The CDM Regulations are aimed at improving the overall management and co-ordination of health, safety and welfare throughout all stages of a construction project to reduce the large number of serious and fatal accidents and cases of ill health which happen every year on building sites.
A CDM Co-ordinator has to be appointed by the client if a project lasts more than 30 days or involves more than 500 person days of work.
There is a new duty on designers to eliminate hazards and reduce risks, as far as is reasonably practicable. They will also have a duty to ensure that any workplace they design complies with the Workplace (Health, Safety and Welfare) Regulations 1992.
A Client will no longer be able to appoint an agent to take on their legal duties and criminal liabilities, thereby making the CDM Coordinator role more advisory in helping to fulfil their duties to comply with the Regulations.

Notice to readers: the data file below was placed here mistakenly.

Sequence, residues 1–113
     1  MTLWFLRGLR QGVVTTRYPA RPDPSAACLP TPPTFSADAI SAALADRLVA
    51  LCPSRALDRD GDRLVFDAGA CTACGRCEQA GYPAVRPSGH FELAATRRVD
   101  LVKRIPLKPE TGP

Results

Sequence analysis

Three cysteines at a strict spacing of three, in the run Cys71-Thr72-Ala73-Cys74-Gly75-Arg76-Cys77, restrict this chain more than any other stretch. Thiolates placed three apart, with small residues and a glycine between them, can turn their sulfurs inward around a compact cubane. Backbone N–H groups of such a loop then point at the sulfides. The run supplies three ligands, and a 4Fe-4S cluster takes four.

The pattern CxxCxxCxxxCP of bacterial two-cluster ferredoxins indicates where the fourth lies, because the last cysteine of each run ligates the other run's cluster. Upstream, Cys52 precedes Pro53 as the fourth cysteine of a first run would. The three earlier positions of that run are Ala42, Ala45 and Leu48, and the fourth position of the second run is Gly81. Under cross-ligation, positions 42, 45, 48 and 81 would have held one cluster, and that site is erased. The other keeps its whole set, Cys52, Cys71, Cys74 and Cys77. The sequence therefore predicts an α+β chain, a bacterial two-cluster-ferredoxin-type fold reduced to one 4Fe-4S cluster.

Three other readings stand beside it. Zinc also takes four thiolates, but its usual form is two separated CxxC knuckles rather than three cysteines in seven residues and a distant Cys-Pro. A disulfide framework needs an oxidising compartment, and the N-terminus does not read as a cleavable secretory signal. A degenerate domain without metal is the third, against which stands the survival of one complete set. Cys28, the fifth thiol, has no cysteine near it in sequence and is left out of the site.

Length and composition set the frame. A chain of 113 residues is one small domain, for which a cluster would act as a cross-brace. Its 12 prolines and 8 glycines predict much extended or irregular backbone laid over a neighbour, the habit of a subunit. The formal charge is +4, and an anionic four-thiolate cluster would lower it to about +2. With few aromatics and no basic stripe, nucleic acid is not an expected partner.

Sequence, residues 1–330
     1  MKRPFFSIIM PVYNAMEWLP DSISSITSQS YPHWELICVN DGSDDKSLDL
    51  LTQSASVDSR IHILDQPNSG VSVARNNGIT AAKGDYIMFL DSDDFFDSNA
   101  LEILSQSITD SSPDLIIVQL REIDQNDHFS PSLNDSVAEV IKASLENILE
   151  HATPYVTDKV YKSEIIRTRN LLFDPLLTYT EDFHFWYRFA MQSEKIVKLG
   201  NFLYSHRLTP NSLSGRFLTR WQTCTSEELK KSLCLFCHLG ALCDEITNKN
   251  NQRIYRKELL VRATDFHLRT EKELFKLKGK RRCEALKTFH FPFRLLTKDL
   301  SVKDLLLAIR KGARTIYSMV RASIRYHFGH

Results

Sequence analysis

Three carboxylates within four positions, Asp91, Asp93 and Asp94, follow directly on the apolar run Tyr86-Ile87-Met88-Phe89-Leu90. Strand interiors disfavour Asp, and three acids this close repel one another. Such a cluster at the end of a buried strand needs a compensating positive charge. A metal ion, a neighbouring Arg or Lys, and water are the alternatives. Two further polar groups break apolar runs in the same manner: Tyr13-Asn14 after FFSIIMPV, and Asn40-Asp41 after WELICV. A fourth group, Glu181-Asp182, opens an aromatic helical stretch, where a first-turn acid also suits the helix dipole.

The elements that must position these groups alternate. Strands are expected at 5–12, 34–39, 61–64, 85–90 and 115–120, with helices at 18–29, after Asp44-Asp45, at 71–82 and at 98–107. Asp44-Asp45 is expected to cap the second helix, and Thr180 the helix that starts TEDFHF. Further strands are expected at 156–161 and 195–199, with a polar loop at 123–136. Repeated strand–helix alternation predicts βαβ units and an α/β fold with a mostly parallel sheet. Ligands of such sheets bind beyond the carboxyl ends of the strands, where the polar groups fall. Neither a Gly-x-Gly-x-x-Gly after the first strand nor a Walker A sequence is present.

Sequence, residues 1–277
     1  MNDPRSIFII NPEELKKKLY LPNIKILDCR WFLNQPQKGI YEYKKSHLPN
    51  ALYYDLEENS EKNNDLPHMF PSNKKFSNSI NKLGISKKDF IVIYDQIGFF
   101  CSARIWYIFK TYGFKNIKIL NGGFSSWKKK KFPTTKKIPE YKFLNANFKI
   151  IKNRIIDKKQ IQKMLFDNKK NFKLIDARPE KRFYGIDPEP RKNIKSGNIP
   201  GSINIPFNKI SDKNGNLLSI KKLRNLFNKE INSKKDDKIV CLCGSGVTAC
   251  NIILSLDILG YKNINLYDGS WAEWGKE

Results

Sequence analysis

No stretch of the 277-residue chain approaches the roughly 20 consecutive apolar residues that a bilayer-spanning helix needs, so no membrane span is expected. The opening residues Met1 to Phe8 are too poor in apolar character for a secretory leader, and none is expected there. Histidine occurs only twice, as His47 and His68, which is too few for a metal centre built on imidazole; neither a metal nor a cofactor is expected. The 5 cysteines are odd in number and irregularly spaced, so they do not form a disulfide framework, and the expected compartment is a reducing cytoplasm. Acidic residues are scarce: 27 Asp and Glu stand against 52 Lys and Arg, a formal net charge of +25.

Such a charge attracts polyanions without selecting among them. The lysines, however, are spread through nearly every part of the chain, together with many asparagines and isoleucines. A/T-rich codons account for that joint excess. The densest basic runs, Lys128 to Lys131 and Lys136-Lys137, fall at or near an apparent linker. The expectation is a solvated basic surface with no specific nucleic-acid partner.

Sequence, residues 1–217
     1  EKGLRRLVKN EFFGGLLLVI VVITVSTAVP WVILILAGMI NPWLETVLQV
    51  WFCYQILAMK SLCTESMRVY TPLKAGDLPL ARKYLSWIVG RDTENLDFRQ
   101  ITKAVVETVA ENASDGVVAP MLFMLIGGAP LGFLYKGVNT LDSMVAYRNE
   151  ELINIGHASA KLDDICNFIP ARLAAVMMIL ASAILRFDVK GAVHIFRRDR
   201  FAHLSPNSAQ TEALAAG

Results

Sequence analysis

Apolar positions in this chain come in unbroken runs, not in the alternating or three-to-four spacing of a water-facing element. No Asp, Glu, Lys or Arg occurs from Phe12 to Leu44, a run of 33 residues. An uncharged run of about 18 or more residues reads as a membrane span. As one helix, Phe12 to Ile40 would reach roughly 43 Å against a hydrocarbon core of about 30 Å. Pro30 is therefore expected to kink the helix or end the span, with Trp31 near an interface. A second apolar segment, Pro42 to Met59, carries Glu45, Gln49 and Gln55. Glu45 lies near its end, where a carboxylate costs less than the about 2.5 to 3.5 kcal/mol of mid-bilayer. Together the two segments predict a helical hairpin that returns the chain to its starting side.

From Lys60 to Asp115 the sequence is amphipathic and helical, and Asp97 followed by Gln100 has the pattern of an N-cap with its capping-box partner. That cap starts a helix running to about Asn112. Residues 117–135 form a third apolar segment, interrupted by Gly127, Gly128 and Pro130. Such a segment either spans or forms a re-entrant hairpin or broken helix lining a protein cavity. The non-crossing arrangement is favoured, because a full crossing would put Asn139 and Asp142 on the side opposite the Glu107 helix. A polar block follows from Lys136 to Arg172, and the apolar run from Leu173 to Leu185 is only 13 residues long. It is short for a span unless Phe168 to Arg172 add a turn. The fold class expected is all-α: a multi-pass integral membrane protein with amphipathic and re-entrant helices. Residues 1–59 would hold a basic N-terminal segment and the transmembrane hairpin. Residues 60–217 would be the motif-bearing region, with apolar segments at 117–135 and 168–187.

To ensure that your business meets the CDM regulations, it is recommended that you have a CDM audit carried out by a third party. A CDM compliance audit provides an objective third party view of your company strengths and weaknesses in this area. The CDM compliance audit takes part in two separate stages. The initial approach is to gather information; this is followed by a detailed evaluation which will be presented in a formal report.